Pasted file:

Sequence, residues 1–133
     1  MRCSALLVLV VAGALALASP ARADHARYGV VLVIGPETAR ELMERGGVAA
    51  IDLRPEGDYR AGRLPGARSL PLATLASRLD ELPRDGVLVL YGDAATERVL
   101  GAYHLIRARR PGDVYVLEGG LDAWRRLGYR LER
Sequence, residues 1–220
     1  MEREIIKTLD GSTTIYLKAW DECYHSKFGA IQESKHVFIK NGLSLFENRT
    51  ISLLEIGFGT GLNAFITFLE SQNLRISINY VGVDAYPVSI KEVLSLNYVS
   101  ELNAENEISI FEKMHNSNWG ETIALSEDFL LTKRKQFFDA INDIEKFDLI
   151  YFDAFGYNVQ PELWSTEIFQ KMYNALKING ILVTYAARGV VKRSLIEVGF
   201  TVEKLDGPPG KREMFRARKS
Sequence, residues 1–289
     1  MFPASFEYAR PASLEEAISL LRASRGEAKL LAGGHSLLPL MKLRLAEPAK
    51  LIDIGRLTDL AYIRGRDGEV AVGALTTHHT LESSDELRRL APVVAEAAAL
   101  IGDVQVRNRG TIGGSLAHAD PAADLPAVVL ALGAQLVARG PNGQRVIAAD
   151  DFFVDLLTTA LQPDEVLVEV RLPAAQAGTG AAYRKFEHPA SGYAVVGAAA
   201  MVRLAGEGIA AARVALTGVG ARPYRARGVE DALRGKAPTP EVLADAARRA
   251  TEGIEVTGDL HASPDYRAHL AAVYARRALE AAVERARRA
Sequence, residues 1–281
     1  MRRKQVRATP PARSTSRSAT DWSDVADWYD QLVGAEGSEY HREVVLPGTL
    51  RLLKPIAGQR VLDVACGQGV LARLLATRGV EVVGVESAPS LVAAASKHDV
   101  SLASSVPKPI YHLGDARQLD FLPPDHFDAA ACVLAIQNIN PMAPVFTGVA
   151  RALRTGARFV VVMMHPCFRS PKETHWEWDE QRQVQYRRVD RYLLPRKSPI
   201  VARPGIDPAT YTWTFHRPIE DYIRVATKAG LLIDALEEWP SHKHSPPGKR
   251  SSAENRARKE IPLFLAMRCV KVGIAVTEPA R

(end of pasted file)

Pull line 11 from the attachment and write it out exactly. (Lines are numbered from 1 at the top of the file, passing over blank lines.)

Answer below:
Sequence, residues 1–289